Why Was 5 x 3 = 5 + 5 + 5 Marked Wrong
Brett Berry
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Unfortunately, the teacher was incorrect. Although well made, the points made in the article about equivalence, matrix multiplication, JavaScript’s broken model of equality, etc., turn out not to be relevant to the problem.

The concept of repeated addition yields two possibilities to the problem, both of which are correct: 5×3 can be interpreted as “3 five times”, thus making 3 the addend and 5 the upper bound for repetition (i.e., 3+3+3+3+3), or as “5 three times”, thus making 5 the addend and 3 the upper bound for repetition (i.e., 5+5+5).

There is no bias that dictates one interpretation is to be preferred or even considered correct at the expense of the other. Both interpretations are in common use, both in English and in mathematics.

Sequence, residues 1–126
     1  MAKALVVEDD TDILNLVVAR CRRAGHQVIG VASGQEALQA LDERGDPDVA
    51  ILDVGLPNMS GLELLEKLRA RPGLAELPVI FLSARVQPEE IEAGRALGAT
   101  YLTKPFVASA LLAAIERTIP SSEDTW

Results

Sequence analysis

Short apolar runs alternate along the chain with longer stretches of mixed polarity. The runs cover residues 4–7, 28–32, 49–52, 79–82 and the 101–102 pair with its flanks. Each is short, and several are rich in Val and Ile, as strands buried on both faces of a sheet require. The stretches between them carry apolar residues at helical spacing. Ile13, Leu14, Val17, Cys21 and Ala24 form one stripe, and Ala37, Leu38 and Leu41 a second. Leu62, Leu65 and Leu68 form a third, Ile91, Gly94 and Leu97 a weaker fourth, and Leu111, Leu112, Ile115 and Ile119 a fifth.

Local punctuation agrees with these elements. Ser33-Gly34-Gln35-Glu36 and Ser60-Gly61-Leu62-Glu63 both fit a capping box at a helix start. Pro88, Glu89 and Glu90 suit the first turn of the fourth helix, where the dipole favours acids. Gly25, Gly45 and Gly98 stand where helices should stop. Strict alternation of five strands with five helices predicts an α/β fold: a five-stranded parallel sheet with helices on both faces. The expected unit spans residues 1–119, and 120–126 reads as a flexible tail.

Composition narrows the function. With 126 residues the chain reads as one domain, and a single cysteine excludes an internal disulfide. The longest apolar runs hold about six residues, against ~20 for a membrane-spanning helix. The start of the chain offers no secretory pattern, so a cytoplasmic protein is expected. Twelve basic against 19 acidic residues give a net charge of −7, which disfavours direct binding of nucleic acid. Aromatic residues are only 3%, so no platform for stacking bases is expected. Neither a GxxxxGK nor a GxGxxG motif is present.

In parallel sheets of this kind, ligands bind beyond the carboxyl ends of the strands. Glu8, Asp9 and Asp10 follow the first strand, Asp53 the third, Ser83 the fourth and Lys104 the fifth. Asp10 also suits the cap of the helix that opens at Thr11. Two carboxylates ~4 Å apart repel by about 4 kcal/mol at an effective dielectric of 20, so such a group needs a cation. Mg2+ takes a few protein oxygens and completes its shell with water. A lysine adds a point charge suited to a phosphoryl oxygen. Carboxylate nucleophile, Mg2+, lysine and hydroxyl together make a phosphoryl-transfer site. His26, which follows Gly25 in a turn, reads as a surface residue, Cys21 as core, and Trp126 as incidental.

The Wikipedia fragment quoted offers an illustration of multiplication but not necessarily a definition. By way of contrast, Wolfram MathWorld offers the following definition:

In simple algebra, multiplication is the process of calculating the result when a number a is taken b times. The result of a multiplication is called the product of a and b, and each of the numbers a and b is called a factor of the product a b. Multiplication is denoted a×b, a·b, (a)(b), or simply a b.

To teach that there is a single valid expansion of 5×3 is, alas, to teach a falsehood. As someone who enjoys mathematics, I hope you appreciate that in the cases where such an interpretation is made and enforced, that this is a problem of education to be fixed and, as such, not something be defended.